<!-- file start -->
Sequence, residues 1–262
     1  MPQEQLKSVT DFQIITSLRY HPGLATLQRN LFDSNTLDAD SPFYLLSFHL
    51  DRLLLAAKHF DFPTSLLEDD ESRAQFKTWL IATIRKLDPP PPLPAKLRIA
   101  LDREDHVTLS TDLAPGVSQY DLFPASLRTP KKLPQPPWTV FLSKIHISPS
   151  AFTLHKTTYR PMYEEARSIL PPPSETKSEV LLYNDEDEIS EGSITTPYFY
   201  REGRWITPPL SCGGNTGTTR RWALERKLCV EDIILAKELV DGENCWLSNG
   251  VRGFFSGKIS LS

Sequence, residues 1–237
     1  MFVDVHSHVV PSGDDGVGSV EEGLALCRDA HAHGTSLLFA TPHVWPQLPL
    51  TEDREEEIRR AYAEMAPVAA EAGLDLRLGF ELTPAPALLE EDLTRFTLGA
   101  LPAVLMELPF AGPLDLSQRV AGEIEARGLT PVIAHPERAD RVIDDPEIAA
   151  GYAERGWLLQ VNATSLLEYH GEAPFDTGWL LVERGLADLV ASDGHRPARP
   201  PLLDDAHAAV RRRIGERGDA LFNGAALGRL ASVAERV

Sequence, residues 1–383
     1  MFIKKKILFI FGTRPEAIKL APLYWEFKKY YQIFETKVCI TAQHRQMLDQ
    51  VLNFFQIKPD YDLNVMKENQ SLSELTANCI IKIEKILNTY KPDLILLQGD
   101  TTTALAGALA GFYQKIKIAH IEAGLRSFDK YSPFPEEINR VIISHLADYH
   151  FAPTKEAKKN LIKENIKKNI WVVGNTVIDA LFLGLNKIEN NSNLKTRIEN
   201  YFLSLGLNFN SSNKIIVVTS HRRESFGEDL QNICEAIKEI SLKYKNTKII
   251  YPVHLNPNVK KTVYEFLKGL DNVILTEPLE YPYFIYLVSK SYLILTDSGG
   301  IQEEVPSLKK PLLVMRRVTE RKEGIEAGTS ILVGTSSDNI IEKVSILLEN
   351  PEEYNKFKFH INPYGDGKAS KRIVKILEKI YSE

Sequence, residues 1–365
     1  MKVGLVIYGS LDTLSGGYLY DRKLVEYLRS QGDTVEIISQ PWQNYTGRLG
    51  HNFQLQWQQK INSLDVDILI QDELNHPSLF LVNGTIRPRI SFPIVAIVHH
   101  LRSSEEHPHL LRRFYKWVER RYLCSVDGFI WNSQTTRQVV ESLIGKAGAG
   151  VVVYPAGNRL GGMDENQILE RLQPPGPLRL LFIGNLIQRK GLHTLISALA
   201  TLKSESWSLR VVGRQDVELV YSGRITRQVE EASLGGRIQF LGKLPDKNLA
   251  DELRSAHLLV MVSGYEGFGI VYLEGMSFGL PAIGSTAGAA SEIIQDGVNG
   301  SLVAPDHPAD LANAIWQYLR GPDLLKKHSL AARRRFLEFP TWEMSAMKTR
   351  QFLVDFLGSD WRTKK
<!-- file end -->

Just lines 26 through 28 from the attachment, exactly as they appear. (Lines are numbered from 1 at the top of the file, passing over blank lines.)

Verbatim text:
   101  LRSSEEHPHL LRRFYKWVER RYLCSVDGFI WNSQTTRQVV ESLIGKAGAG
   151  VVVYPAGNRL GGMDENQILE RLQPPGPLRL LFIGNLIQRK GLHTLISALA
   201  TLKSESWSLR VVGRQDVELV YSGRITRQVE EASLGGRIQF LGKLPDKNLA